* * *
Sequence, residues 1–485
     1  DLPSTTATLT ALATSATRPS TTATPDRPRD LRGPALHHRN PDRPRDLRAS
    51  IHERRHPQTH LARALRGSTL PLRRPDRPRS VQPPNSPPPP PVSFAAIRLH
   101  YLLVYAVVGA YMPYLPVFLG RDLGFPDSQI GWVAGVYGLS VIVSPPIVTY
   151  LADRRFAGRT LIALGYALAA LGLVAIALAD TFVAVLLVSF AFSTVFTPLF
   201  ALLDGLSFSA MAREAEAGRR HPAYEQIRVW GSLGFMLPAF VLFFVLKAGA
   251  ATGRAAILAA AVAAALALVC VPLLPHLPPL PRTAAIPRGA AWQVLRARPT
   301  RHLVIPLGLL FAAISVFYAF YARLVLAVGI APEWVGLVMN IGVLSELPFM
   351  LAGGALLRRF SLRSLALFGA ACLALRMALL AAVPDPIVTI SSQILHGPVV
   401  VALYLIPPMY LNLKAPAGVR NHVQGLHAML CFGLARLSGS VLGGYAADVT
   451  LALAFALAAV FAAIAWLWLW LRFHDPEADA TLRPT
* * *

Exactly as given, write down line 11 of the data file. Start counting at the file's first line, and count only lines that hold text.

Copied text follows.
   451  LALAFALAAV FAAIAWLWLW LRFHDPEADA TLRPT